Why can some birds mimic sounds with enough complexity to imitate human speech, while other birds simply chirp?
A new study in the journal PLOS ONE finds that parrots’ ability to learn and imitate new sounds comes from a unique brain region that duplicated some 29 million years ago. Within this region is a pair of nested vocal learning centers that may be the key to parrots' ability to imitate sounds with uncanny accuracy.
Led by neurobiologists at the Duke University Medical Center, the researchers examined brain tissue from a wide range of parrot species capable of vocal learning, including budgies, cockatiels, lovebirds, macaws, and keas. They compared the structure of their brains to the brains of other birds, like songbirds and hummingbirds, which exhibit some signs of vocal learning but can’t imitate voices to the degree a parrot can.
Image Credit:Courtesy of Jonathan E. Lee, Duke University
Parrots’ brains have two structures (see image above) devoted to vocal learning and imitation called a core and a shell, the latter of which is larger in birds known to be better imitators of human language. “Each (vocal learning center) has a core and a shell in the parrot, suggesting that the whole pathway has been duplicated,” study co-author Erich Jarvis, an associate professor of neurobiology at Duke, explains in a press release. The group hypothesizes that birds’ ability to imitate voices and sounds came about through this duplication of pathways in the brain, though they're not quite sure how the duplication might have occurred.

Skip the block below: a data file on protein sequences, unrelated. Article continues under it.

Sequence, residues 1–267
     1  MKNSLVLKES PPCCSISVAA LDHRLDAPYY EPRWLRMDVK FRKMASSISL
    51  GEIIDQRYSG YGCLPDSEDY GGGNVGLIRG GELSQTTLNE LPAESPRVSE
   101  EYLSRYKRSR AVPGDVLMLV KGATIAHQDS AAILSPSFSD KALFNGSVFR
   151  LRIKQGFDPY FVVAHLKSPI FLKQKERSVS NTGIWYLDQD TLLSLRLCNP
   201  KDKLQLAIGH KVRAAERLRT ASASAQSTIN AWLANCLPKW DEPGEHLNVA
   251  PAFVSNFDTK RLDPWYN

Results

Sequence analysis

The kea, a relatively ancient parrot species native to New Zealand, also has a crude shell structure, suggesting that the feature dates back to bird species at least 29 million years old. These shell regions have been known to scientists for decades, but it wasn’t clear if they had anything to do with vocal learning.